Conversation with Joanne Hall

Drive up to this storybook cottage, and you can tell there is something special about it. It’s the home of Ed and Joanne Hall. When I arrive, Joanne greets me and takes me down the hand-crafted pine stairs to her delightful weaving studio dotted with floor looms.

Storybook cottage in Montana mountains.
Driving up to the Hall’s home and Joanne’s weaving studio in Montana.
Welcome!
Välkommen = Welcome

I recently had the joy of learning the ins and outs of drawloom weaving in this storybook studio in Montana. After the class ended, Joanne and I sat at her kitchen table to share some thoughts about weaving.

Joanne Hall
Joanne Hall
Photo credit: Ed Hall

Come join us, and sit in on our conversation…

If you could keep only one loom, what would it be?

The 59” Glimåkra Standard. That would be my loom, with a drawloom. A big loom is easier to set up, easier to warp because I can step inside it, and easier to weave on than a little loom. As you get older you need every advantage you can get.

Butterflies, woven by Joanne Hall on a single unit drawloom.
Butterfly piece was woven on the very first warp Joanne put on her drawloom. The warp is 20/2 cotton, unbleached; and the weft is 16/1 linen.
Being a tapestry weaver, I had to add more colors, so I laid in some colors and then I put a little gold leaf here and there. I did not want to add anything that looked like embroidery. I wanted my new work on the drawloom to have all the elements woven in.
– Joanne Hall

What would you weave on that loom?

I would mostly make narrow warps. I could weave some blankets or larger things, as well, because it’s easy on that loom. It is easy to beat and so easy to treadle. I could also weave tapestry on it.

Describe the drawloom you would use.

With the Myrehed combination, I would have both the shaft drawloom and the single unit drawloom. I do like images, like tapestry weaving, so I would enjoy weaving with the single unit drawloom.

Story of the Immigrants, woven by Joanne Hall on single unit drawloom.
Story of the immigrants.
Three of my grandparents immigrated from Sweden to America. This tells the story of their journey–walking, riding, then endless days on the boat, then walking again, all the way to Minnesota.
– Joanne Hall

Are there any weaving secrets you’d like to share?

One important thing to know is to wind a warp with more than one thread, especially a long warp. It is easier to beam and you will prevent problems when you wind with two or more threads. And doing so may also have a positive effect on weaving that warp.

Another thing to consider is that once you start weaving, plan to invest in good equipment. Some weavers start out buying the smallest, least expensive equipment. That’s okay for getting started, but don’t spend too much time with inferior equipment. Once you start warping looms, get a big vertical warping reel that is more than two yards around. You can wind a warp in half an hour, an hour at the most. And the warp will be more even and accurate than one wound on smaller equipment.

If someone wants to learn more about weaving, what is a good way to start?

Go someplace where you can take a class weaving on floor looms, even if you have never woven before. Keep in mind that researching online can be more confusing than helpful. In a class you will learn much faster and you will probably get better information.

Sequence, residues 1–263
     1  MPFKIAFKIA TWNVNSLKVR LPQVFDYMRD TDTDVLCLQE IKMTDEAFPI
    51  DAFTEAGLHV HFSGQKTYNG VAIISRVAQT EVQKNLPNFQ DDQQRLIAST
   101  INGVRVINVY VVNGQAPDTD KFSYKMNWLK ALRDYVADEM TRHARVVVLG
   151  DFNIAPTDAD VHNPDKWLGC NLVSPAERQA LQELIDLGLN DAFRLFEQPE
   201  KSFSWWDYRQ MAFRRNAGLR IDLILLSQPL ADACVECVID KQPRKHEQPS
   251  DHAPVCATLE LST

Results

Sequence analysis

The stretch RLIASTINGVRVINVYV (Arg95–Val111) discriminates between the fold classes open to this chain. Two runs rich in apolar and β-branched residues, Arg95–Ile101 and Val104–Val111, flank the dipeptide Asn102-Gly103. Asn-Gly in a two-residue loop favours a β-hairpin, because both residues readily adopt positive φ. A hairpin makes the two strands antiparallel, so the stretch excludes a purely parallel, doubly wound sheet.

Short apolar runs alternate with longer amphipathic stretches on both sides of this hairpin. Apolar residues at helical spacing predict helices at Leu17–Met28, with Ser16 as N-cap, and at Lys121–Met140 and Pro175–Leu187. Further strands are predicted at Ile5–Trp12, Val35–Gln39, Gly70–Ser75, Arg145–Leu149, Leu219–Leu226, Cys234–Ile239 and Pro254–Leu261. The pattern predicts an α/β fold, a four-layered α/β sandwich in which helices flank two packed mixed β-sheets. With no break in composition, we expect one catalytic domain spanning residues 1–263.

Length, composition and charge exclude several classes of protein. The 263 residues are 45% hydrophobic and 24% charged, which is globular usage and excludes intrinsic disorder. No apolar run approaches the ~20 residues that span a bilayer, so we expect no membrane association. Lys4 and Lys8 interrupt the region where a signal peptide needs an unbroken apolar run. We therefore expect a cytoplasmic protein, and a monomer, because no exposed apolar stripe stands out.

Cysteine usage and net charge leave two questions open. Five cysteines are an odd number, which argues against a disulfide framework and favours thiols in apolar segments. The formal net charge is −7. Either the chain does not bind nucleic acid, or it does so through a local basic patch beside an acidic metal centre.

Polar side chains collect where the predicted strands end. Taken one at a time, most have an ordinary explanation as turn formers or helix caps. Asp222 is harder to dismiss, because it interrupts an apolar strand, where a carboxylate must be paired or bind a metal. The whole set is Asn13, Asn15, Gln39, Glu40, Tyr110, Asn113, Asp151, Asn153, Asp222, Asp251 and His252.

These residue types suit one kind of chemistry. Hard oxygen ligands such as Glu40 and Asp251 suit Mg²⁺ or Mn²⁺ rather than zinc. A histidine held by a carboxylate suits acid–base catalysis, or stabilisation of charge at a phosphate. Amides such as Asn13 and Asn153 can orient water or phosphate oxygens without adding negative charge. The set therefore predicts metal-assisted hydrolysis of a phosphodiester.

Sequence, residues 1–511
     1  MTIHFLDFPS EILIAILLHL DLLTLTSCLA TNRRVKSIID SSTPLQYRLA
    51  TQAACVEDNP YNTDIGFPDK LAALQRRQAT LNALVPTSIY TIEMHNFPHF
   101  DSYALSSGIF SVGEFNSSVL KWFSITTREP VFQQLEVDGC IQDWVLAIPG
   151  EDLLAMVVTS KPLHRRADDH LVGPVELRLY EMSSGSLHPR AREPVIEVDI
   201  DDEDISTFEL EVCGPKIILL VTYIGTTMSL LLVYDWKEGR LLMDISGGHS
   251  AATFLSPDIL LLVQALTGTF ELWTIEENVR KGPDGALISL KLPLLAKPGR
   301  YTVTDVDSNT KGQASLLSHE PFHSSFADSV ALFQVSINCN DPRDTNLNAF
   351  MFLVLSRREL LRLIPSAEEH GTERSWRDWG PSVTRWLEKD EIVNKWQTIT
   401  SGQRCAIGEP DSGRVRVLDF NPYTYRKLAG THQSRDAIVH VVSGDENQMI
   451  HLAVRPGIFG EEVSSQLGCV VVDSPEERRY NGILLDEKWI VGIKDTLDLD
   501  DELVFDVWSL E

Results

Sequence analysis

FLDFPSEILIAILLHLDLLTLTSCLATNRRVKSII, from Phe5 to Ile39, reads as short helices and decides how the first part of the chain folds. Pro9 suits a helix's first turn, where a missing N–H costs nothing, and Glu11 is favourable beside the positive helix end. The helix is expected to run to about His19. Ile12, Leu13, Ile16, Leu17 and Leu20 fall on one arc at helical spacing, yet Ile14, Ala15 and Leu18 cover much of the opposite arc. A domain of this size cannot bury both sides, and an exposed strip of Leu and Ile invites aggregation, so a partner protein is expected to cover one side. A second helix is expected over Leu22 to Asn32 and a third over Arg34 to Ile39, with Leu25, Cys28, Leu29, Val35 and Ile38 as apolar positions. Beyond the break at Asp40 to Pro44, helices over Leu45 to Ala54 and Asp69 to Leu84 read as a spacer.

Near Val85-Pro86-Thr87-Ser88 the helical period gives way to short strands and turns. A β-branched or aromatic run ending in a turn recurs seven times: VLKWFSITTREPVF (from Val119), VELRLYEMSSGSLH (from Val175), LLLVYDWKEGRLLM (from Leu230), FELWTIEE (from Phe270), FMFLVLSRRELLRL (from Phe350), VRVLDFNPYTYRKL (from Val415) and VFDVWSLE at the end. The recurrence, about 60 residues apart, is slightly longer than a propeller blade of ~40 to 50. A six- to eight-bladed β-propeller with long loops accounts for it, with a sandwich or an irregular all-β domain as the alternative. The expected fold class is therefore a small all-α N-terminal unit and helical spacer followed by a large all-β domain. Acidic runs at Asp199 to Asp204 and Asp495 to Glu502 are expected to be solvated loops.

Church Door by Joanne Hall.
Front door of Joanne’s father’s father’s (grandfather’s) church in the small town of Ör, in Dalsland, Sweden. The “6” near the door was part of the date on the church, 1661.
Woven on single unit drawloom by Joanne Hall.
Wooden Shoes, woven by Joanne Hall.
From a photo Joanne took in a small red house in an outdoor museum in the place where her mother’s family lived. These wooden shoes were on a rag rug in front of the fireplace.
Woven on single unit drawloom by Joanne Hall.
Fence in Sweden, woven by Joanne Hall.
Fence that is typical of fences all over Sweden. This came from a photo of the fence around an outdoor museum in Falköping Sweden, Joanne’s mother’s grandparent’s home.
Single unit drawloom, woven by Joanne Hall.

Any final thoughts?

In Sweden, weavers guilds are different than they are here in the US. Most everyone in Sweden can join a guild, called a vävstuga, which in Sweden is a place with looms—floor looms, big floor looms. You meet there as often as you want, and you can weave on floor looms in the company of other weavers, who are very helpful. If we had that, it would be wonderful.

That would be wonderful, indeed! I think I got a little taste of that, right here in your Montana studio. Thank you!

Happy Weaving,
Karen and Joanne

17 thoughts on “Conversation with Joanne Hall

  1. The is one of the few American weavers who accurately, skillfully and creatively interprets their ethnic heritage through Swedish weaving. The pieces are exquisite.

  2. I love reading about your experience with Joann. She is a treasure to us here in Montana and it is wonderful to see her being acknowledged and appreciated.

  3. So glad I subscribed to your newsletter. Joanne’s work is beautiful–the photos and article, too. Thanks for sharing your creative adventure.

  4. I feel so fortunate to be able to visit Joanne’s home and studio on a regular basis. The weaver I have become is due, in no small part, to Joanne’s influence! Thanks for sharing your experience.

  5. I am so impressed with these images of Joanne’s home, and the examples of her drawloom weaving. I have searched for information on how to take her classes, is there a web site? thanks.

  6. I have enjoyed reading about your drawloom experience. I am also interested in taking a drawloom class with Joanne and cannot find any information online. Is there a website or email you can direct me to to get in touch with her?
    Thank you,
    Helen T

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